· As the airplane flies higher and higher, it appears smaller and smaller to the eyes – is that why everything that’s served in the plane are in mini-sizes – like the food, peanuts packs, liquor bottle; Is this the case of “Honey, I shrunk every damn thing” ?

· I’m not looking to look as thin as you folks do or as fit as you folks are – If I’m on a diet, I will tell you; so, can I actually have a full and real meal, please?

· If one were to meet you on the road and ask for directions, would you do the side-ways karate chop there too?

· If you were to tell the Stewardess, while deplaning that you are planning to kill yourself, would they with their stuck ready-made smiles tell you – “Bye now, Buh Buh-ye now”?

Sunday, July 09, 2006

The Gandhi Trials

The Accused:

Ganesha was circling looking for a prey. He always ended up finding one; these days it was tougher than early days where people seemed to fall for cons easily; but these days, there seemed to be smarter people all around; he himself had to become smarter. Earlier he had worked alone without having to split his spoils with anyone;now, he needed to develop a support system, since people have started asking more questions and there are more disbelieving people – he thought aloud, ‘tch… what is this world coming to, where have all the faith and trust gone’ and grinned to himself wryly !

Ganesha always picked his spot carefully – this time, it was near photocopier shop; where there are more business and companies around. Although more and more companies moved to the outskirts, he found the newer companies took their place. In Bangalore, he found the people in IT companies with their higher affluence, and perhaps guilt of having to do something for the society were easy prey. As Ganesha hung around the photocopier shop, with a copy of B L Thereja’s text book and a photocopied version of it, he found a person who could be a potential for Ganesha. The person was wearing glasses, thin and was sipping coffee alone. Ganesh, prepared himself, checked if his mobile was hid well and was on mute; he did not want to give himself away by ringing at the wrong time. Ganesha then approached him, with a tortured and unsure countenance,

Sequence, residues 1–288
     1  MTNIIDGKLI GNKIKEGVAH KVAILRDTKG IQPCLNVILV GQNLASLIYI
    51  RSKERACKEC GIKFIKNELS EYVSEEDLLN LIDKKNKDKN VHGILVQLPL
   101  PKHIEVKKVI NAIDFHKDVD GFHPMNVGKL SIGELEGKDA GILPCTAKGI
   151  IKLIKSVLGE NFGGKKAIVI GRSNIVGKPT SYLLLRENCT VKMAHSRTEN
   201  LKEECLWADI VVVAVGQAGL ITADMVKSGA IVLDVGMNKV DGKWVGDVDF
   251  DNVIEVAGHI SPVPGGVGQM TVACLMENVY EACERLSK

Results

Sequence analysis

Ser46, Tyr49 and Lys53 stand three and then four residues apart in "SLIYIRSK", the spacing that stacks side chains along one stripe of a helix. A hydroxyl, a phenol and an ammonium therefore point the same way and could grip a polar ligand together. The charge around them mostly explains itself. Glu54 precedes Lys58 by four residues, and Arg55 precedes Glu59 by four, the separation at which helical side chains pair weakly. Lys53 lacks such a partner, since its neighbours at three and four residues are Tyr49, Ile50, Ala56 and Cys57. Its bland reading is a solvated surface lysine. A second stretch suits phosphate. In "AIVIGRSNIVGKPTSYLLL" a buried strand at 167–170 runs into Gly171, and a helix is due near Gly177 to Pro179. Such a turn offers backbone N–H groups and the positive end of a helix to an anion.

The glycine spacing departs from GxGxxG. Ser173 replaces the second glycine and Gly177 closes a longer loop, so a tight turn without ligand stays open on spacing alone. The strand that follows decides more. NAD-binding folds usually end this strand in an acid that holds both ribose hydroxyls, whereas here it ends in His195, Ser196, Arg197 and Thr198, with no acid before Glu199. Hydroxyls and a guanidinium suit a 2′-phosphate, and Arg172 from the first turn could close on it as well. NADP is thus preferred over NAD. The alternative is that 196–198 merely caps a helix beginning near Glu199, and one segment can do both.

“Sir… Sir, I need some help, Sir”. “I’m a 2nd year engineering student. I’m from a small town near Hubli, Sir”. The thin-man stayed silent.

“I need some help Sir”, Ganesha repeated; “I cannot afford to buy my books, and hence I had to take xerox of a text book that I borrowed”. As he was talking, he pointed to the text book and the sheaf of photocopied, spiral bound book. “Whatever money I had, I had paid for the photocopy; but my exam fees are due tomorrow, Sir”, he trailed off, with an unsure voice…

The thin-man looked at Ganesha quizzincally. Ganesha felt he is being evaluated and quickly ensured that he ensured that he kept his diffidence and helplessness in his face. The thin-man asked incongruously, “which branch”, which Ganesha answered easily. Then Thin-man threw him off by asking about his first year marks. Ganesha mumbled something that could be believable and kept it just over 1st class. The Thin-man then asked him about his college. Ganesha knew what was coming next – he needs to be careful here. These days most people offered to pay the fees in person. Ganesha learned this the hard-way, when his medicine-scam came undone when the person he approached, spent Rs.400/- on buying medicines for Ganesha that he need not need; but that had taught Ganesha the lesson and he developed a support system around it – a medical shop, where he could return the medicines back but having to forego a 25% cut; a clerk in the college who would collect fees but return the money for a cut. Although Ganesha would like to avoid this, but these days, he needed back-up plans.

He aware that Thin-man was watching him; Ganesha gave the name of the college that was on the outskirts; Before the thin-man could speak, Ganesha produced the ID-card of the college, which could be made very easily from lost cards. The thin man had given it a cursory glance; but Ganesha knew not to underestimate anyone – he held the card out, so that the thin man can study it more. Ganesha could feel that, he had his man, but the thin man was wrestling with something else in his mind – perhaps he wanted to offer to come along with Ganesha and pay the fees. Then finally, after what seemed to be eons, the thin-man asked, “how much” ?